German Educational Trainees (GETs) support language teaching and intercultural understanding, bringing language alive for learners with a trained and motivated native speaker.
For more information please see the attached 'GET_2017_Information Sheet'.
Local authorities interested in hosting GETs should complete and return the Note of Interest form by Friday 10th February.
13 January 2017 (SCILT)
Our Job Profiles provide relevant, labour-market focused career advice on languages, direct from the workplace.
Teachers, use them in your classroom to enhance learning about the world of work.
Read our new Job Profile from Dawn Hartley, Head of Creative Learning at Scottish Dance Theatre.
6 January 2017 (TES)
As students flee modern foreign languages in droves, Alistair McConville says that we should stop talking about the earning potential of subjects and instead appeal to pupils’ youthful sense of social empathy – especially at a time of political upheaval around the world.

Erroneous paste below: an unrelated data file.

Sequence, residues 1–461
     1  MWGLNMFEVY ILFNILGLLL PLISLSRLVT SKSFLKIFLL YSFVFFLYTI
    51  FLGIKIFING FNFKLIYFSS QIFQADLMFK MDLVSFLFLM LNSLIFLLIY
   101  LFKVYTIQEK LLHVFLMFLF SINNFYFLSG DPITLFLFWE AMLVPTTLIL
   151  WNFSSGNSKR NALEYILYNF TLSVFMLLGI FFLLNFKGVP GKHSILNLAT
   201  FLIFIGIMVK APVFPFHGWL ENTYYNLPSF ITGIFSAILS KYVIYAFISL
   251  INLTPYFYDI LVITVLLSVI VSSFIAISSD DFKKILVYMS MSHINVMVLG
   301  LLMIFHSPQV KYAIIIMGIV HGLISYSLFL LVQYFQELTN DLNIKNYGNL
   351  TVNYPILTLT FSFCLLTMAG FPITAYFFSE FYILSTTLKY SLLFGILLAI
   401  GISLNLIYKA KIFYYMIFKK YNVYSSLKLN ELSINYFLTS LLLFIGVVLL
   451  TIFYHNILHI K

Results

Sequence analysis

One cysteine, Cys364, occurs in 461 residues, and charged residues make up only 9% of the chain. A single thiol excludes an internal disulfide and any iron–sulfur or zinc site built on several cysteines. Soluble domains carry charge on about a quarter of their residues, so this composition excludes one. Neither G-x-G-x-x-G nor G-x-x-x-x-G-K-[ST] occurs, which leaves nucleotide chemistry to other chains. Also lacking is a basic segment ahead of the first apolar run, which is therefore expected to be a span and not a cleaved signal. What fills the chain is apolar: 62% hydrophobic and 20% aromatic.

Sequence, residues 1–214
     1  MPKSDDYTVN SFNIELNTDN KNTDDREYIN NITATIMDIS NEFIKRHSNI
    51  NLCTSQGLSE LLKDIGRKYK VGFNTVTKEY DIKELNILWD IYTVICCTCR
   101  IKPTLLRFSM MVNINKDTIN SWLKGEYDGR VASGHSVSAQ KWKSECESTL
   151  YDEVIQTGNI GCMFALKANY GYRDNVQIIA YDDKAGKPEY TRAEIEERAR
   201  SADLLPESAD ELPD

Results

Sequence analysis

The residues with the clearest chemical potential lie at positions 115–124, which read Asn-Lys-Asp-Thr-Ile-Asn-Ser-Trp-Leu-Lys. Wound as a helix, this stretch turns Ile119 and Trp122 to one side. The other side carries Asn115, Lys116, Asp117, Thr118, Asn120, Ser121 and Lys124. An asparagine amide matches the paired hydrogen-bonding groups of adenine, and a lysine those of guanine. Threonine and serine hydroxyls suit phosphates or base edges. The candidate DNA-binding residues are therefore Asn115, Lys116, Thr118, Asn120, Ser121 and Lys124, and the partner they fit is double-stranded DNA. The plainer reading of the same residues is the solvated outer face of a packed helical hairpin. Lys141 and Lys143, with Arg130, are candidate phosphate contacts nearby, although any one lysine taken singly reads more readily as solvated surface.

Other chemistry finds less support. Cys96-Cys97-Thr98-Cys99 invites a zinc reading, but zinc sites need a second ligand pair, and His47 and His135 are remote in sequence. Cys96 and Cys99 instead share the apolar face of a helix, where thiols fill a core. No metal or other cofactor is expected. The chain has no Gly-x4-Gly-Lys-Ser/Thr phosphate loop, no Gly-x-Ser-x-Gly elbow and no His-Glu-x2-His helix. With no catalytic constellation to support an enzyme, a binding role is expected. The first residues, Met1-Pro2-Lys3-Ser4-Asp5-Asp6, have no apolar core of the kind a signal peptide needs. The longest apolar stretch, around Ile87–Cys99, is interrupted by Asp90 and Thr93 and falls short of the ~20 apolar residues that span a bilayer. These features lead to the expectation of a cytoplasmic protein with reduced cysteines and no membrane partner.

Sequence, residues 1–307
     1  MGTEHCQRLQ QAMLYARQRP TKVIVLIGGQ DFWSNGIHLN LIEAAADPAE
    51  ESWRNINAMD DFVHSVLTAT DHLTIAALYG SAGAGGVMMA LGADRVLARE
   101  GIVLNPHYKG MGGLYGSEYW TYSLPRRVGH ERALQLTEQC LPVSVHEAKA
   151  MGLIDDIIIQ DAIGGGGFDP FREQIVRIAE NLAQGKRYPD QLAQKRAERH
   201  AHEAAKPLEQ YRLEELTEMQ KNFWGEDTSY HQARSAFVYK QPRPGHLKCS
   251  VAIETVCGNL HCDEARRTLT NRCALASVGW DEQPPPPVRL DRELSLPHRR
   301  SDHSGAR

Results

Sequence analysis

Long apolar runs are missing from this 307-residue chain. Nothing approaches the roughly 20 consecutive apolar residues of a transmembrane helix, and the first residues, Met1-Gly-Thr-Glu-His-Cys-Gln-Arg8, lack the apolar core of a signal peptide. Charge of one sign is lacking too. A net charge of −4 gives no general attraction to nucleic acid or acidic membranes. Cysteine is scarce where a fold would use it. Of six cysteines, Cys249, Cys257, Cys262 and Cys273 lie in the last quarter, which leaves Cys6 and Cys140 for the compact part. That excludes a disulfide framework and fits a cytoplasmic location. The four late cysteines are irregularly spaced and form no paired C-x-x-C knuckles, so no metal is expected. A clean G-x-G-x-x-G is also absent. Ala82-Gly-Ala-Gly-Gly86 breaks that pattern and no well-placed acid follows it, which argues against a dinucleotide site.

The full article can be accessed on TES online, 6 January 2017 (subscription required).
31 October 2016 (Huffington Post)
Do you remember your first few weeks learning Spanish?
It was lots of fun, right?
You’d learn some new words, a few useful expressions, and you’d be able to use them in simple conversations right away!
It was an amazing feeling... “At this rate, I’ll speak fluent Spanish in no time!”
Except it didn’t quite work out like that.
Somewhere along the line, your progress slowed...
Learning Spanish stopped being fun, and feelings of frustration started to creep in. You think: “Maybe I’m just not cut out to learn Spanish!”